Vino In My Dino
December 15, 2021 11:05
Wrapping up another year, whether it is presents, loose ends or otherwise, we are heading for a new year and all that it will bring. I thought I’d make some room for the responses I have received over the last few months. Many of you write back after one of the notes have hit home. I want to take this time to thank you all for your thoughtful comments, stories and memories I have the honor of reading each week. It really jumpstarts my week to open my inbox and dive in-usually there is a bunch of SPAM or orders to read through. So I go for the gold—your messages. You all make my Mondays!
From Dry Creek Valley is Home Base:
From John T.:
"First of all, I really enjoy your newsletters. So full of family and friendship. Such a welcome from all of the negative news now-a-days!
I first visited your winery in 2005. I remarried in 1999 to a wonderful gal whose best friends would visit the California wine country every couple of years. Their names are Becky and John. Interesting enough, my wife’s name is Becky and you guessed it, my name is John. This combination made for plenty of interesting conversations and experiences. So, in 2005, they convinced us to travel with them to the west coast for about 2 weeks. OMG, half way through the trip I realized I already purchased my anticipated wine allowance. But that didn’t stop my buying. At Pedroncelli, I focused on your 2000 Morris Fay Cab. Sauv. and some 2001 vintage port. Yum.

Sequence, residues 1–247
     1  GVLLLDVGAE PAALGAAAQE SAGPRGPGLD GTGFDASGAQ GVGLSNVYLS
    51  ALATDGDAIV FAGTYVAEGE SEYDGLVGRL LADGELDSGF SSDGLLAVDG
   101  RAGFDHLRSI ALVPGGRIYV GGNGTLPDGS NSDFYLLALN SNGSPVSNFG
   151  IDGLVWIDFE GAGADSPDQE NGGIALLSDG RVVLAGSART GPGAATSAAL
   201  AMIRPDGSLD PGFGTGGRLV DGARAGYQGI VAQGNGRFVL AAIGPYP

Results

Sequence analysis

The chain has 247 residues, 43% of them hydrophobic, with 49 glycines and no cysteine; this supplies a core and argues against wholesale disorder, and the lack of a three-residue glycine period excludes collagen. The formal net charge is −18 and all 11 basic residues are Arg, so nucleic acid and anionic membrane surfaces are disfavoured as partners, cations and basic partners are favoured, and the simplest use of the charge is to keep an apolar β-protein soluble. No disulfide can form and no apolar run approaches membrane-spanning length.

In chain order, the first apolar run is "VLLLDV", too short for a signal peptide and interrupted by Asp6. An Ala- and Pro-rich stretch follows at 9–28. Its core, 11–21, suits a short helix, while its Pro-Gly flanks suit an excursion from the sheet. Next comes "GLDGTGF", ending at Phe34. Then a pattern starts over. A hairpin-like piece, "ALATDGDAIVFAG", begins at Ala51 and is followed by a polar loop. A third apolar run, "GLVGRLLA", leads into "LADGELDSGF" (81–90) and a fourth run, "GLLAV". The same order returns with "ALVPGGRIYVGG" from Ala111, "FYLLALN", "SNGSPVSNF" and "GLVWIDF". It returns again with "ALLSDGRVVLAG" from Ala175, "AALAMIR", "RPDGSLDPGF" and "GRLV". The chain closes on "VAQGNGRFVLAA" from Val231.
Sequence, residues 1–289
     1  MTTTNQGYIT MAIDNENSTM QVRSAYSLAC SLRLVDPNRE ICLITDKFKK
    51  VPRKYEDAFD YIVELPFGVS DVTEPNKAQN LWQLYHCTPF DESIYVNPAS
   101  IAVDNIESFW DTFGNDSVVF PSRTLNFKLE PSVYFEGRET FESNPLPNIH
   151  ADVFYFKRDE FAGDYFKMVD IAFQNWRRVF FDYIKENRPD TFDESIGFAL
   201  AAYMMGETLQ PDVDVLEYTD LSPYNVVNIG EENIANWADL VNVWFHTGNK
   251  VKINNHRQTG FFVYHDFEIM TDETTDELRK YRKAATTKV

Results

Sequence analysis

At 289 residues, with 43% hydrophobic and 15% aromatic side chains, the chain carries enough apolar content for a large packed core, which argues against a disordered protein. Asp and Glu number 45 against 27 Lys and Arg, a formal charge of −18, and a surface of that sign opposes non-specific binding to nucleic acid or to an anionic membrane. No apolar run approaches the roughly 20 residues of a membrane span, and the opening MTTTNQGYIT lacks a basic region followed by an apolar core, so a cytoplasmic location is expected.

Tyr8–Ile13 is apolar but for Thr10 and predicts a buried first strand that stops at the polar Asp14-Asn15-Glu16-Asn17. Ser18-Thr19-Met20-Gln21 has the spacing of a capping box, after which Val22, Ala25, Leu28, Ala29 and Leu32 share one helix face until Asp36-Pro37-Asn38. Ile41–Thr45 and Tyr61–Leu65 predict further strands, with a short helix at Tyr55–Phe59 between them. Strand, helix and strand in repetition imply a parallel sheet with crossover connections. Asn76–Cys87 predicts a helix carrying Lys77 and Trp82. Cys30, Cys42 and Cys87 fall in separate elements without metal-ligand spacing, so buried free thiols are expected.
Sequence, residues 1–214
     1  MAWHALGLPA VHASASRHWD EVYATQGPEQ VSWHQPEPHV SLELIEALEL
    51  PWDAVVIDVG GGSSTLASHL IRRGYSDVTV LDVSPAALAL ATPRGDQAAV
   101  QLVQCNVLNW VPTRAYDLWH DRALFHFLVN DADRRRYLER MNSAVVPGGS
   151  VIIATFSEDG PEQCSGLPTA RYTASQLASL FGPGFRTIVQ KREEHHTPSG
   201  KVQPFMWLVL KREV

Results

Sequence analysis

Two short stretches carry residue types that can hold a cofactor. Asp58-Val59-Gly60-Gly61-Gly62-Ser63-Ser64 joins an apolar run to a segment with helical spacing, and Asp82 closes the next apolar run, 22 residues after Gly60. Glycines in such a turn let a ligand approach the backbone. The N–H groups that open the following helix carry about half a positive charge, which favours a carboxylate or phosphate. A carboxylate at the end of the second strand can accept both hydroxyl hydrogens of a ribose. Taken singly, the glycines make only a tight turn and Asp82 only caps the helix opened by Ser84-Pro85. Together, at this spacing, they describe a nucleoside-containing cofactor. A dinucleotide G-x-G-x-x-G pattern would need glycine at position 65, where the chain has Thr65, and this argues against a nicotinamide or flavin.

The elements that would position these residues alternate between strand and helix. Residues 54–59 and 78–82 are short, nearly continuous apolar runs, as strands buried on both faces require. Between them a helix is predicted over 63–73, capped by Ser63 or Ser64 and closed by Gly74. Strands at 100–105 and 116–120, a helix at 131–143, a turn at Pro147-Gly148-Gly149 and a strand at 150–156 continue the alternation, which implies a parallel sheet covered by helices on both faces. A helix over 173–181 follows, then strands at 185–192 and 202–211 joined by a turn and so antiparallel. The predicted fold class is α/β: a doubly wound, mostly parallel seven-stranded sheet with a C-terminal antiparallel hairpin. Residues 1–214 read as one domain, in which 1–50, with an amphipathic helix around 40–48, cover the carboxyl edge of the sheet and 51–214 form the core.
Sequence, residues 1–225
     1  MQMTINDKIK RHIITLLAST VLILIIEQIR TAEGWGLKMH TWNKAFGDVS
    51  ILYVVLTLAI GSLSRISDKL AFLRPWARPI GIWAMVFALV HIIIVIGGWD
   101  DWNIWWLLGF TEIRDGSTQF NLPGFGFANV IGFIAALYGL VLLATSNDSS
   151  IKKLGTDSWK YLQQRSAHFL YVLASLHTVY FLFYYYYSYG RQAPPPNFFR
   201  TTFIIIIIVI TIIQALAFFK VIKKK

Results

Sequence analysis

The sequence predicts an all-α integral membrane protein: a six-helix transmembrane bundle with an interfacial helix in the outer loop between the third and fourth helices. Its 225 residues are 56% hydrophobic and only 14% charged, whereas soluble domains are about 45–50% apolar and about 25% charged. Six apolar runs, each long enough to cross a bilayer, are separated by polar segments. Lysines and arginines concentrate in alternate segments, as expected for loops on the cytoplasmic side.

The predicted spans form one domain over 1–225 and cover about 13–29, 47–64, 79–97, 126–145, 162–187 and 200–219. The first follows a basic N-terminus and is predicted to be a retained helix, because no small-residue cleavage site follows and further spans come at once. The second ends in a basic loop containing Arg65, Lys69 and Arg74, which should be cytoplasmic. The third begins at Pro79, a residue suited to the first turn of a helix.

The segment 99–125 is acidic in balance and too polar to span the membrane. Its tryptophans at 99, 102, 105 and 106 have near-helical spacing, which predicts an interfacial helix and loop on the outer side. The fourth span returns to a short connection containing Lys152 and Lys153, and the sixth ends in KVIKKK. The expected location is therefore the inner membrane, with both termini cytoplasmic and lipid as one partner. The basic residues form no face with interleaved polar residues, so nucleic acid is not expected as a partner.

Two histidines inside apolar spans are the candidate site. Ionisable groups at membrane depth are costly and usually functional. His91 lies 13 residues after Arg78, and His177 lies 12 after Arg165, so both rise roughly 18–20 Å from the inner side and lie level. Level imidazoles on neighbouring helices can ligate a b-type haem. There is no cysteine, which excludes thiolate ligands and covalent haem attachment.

Well every other year, we returned to California via grand trips via Yosemite, Death Valley, Las Vegas, the Grand Canyon, Lake Tahoe, and numerous other stops. We did return to Pedroncelli in 2017, whereby I acquired a case of mixed wines. Yum again!
We did visit in October 2019 to celebrate our daughter’s first anniversary, as well as our twentieth. 2021 as you well know has been a mess and has kept us once again from traveling out west. I hope that 2022 or at least 2023 will prevail with our returning to wine country, and we may be able to influence some of our adult kids to tag along.
Long story short, we will return to California. Take care, best wishes to both you and your business, and keep writing those great newsletters. Oh, by the way, your recipes are quite delightful as well."
Another response from Jim G.:
"I was in the Naval Reserve in the early 60's and served my 2 week summer camp at Skaggs Island. On weekends everyone else went to S.F. I went to the wine country. My vague memory, as I'm now 82, was discovering Pedroncelli then, meeting John and Jim and falling in love w/ the Zin.
After my return from 2 years’ service and back in L.A. I took a part time job at a liquor store in Toluca Lake, Pop 'n Cork. I raved about your wines and they took on your wines and I believe sold quite a bit. I know I did, the Zin and an inexpensive blend, whose name I can't recall. (Editor's note: our Sonoma Red). About the same time I'd met my now wife of 52 years who seldom drank wine...and white at that... tasted Zinfandel and said she liked it. I immediately said to myself, "This is a keeper!" We took a trip to Sonoma in the late 70's and visited the winery again meeting John and Jim.
We left CA in 1974 and unfortunately in VA, NY State & Minneapolis did not have retail access to your wines. We're now retired in Geezerville, AZ and again enjoying your wines.
Thanks for the memories in your newsletters as I sorta feel a part of the family after so many years.